The following sections describe functions.
Scalar functions take input parameters and return a single value result. Some examples of standard SQL scalar functions are CHARACTER_LENGTH, POSITION, and SUBSTRING.
Aggregate functions produce summary results. They differ from scalar functions in that they take grouped sets of relational data, make a pass over each group, and return one result for the group. Some examples of standard SQL aggregate functions are AVG, SUM, MAX, and MIN.
The built-in functions, or special register functions, which have no arguments, return various information about the system and can be used like other literals within SQL expressions. In an SQL query, the appropriate system value is substituted by the Parser after optimization but prior to executing a query using a cachable plan.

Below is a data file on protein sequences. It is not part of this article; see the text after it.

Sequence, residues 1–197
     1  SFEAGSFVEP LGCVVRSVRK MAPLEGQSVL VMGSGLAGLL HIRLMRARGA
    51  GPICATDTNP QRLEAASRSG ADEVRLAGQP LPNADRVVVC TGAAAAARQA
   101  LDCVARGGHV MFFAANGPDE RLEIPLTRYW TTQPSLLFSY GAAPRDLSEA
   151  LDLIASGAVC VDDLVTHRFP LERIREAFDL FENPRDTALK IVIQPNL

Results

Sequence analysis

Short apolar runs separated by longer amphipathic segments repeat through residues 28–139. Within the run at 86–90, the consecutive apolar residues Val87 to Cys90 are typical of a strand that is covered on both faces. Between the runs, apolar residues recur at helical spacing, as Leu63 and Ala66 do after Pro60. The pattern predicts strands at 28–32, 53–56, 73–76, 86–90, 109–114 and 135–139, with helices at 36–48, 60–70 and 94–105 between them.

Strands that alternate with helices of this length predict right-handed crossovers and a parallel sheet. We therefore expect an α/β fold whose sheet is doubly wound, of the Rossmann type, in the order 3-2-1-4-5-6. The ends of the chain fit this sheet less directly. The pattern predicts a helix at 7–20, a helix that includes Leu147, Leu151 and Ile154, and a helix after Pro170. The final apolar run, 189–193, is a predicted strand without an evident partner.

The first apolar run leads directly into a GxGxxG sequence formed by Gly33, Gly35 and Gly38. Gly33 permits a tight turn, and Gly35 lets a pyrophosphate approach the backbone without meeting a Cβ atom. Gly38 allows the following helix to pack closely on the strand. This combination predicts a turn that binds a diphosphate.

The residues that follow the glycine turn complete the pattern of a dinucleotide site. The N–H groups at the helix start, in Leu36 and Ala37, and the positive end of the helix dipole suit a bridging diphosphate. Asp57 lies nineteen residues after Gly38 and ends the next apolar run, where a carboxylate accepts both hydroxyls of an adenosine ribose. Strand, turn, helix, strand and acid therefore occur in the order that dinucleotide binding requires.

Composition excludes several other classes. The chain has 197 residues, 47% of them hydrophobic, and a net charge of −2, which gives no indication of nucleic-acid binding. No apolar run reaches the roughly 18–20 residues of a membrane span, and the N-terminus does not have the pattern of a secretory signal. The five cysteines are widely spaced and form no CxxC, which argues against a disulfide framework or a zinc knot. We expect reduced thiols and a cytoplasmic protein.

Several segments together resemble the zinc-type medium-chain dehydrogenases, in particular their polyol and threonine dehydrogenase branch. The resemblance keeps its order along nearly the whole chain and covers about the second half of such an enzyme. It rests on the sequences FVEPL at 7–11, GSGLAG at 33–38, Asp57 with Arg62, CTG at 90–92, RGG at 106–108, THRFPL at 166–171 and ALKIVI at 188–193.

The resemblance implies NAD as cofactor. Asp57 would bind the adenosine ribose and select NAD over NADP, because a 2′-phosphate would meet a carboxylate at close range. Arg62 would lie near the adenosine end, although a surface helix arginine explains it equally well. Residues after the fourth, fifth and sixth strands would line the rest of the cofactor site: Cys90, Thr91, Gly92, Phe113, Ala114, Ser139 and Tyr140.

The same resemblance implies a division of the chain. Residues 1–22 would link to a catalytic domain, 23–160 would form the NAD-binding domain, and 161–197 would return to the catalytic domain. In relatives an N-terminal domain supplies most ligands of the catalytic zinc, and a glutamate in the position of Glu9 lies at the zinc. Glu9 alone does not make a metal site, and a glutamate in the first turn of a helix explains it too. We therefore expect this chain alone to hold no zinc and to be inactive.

- Names, parameters, return values, and other details of scalar and aggregate functions, see SQL Functions, Operators, Expressions, and Predicates, B035-1145.
- Clauses and phrases, see SQL Functions, Operators, Expressions, and Predicates, B035-1145.